Nissan board ousts Carlos Ghosn
Almost two months after his shock arrest in Tokyo, Carlos Ghosn remains at the mercy of the Japanese legal system, as prosecutors continue to build their case against the car industry titan.
A Tokyo court extended the detention of the former Nissan Motor Co. chairman for another 10 days on New Year’s Eve after he was re-arrested on fresh charges Dec. 21. Meanwhile, Ghosn’s former aide Greg Kelly, who was detained with the executive back in November on allegations of helping him under-report his compensation, was released on bail Dec. 25.
1. So, what’s next for Ghosn?
His current detention period will end Jan. 11. By then, prosecutors will need to announce whether they intend to indict him officially on the charges of breach of trust, which they likely will do. If he is indicted, Ghosn will be legally allowed to apply for bail -- a decision which will be made by the court and can be appealed by prosecutors.
There is also the possibility that Ghosn may be rearrested on new charges, which will start the detention period anew and allow prosecutors to hold him for up to another 20 days. Ghosn has already been rearrested twice since he was originally taken into custody Nov. 19.
2. How long is this going to go on?
There’s no clear answer to this. In Japan, the powers given to police and prosecutors to incarcerate suspects during an investigation without charging them are unique in the developed world.
While in the U.K., suspects can be held for up to 96 hours for serious crimes such as murder, and up to 14 days under the Terrorism Act, Ghosn has already spent more than 40 days in the Tokyo jail. Bail isn’t possible until being indicted, but there’s no limit to the number of times prosecutors can rearrest him on new charges. Legal experts say this is all a strategy to secure a confession and make a trial easier.
Japanese prosecutors rarely risk a not-guilty verdict. Fewer than 1 percent of cases in Japan’s district and county courts in 2017 resulted in a not-guilty verdict or the defendant being released, according to prosecution data.
3. What are the allegations Ghosn is facing?
He’s been accused of understating his pay, which would be a violation of Japan’s Financial Instruments and Exchange Act. Prosecutors also say the executive acted in a way that constituted breach of trust, an allegation that would be in violation of Japan’s Companies Act and carries a maximum sentence of 10 years in jail and a 10 million yen ($92,000) fine. Ghosn has denied wrongdoing through his lawyers.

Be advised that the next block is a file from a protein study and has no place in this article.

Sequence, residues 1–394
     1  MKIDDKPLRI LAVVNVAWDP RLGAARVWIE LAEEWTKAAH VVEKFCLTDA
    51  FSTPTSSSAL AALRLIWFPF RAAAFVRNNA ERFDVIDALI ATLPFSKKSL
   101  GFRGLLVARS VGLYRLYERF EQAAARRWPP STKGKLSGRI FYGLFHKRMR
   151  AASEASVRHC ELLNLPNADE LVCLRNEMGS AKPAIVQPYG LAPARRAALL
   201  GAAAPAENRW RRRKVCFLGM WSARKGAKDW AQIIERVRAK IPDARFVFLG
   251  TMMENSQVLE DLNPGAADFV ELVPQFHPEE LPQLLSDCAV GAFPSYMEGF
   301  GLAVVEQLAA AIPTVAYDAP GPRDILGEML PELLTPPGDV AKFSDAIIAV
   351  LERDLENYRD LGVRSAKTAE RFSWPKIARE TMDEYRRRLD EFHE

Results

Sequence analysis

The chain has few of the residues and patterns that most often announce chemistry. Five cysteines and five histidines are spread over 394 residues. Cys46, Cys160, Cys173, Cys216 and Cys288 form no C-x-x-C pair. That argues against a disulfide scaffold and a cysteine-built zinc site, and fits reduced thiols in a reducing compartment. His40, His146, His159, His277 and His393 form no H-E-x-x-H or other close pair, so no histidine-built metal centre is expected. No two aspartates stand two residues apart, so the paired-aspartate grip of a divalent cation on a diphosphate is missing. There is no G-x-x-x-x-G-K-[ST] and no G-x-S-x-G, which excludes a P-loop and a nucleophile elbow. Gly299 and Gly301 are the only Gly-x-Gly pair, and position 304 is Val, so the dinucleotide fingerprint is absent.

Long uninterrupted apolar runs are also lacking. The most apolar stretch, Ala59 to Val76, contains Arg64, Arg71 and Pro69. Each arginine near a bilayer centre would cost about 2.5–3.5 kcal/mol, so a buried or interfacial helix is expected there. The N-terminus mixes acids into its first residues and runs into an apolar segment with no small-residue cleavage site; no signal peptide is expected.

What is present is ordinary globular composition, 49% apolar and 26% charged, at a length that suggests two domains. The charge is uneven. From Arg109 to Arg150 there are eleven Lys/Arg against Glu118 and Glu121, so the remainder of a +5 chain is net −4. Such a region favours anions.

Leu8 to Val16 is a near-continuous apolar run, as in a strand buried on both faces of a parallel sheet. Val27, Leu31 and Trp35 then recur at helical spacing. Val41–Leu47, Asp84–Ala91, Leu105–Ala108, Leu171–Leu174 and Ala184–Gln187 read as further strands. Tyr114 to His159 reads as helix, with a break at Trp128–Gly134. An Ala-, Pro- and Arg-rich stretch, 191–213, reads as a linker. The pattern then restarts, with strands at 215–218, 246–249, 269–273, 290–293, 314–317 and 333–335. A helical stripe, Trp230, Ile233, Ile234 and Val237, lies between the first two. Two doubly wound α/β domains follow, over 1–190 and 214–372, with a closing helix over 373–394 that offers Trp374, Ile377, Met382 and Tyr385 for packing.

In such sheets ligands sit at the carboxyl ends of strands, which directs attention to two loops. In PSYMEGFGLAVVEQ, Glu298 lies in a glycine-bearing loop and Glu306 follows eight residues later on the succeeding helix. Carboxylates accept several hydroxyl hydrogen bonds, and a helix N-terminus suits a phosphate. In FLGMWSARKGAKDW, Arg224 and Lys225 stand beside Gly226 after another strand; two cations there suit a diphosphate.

Nissan has separately alleged that Ghosn misused company funds, including purchases of homes from Brazil to Lebanon and hiring his sister on an advisory contract.
4. Where’s Kelly, Ghosn’s former aide?
After posting bail, Kelly departed the detention center in a cab late Dec. 25. He was taken to a hospital in Ibaraki Prefecture, about 65 miles north of Tokyo, for treatment of his spine. He had no plan to meet the press immediately, his lawyer said. The court has set conditions for the bail, including a ban on leaving Japan. He isn’t allowed to get in touch with people involved in the allegations, and needs to live at an address approved by the court.
5. How are things at Nissan?
The arrest of Ghosn has rocked the world’s biggest auto alliance, raising questions over how the two-decade partnership between Nissan and Renault SA will change. While both have reaffirmed their faith in the tie-up, Renault’s 43 percent stake in Nissan with voting rights and the French state’s holdings in Renault have been a source of tensions. Renault has repeatedly asked the Japanese firm to hold an extraordinary general meeting of its shareholders to address corporate governance issues. Nissan has also been indicted for breach of Japan’s financial laws.
In an internal memo last month, Chief Executive Officer Hiroto Saikawa sought to reassure staff that the carmaker is addressing shortcomings in corporate governance. “We continue to conduct an internal investigation to uncover all of the facts, and we we will take firm action going forward,” he wrote in the memo.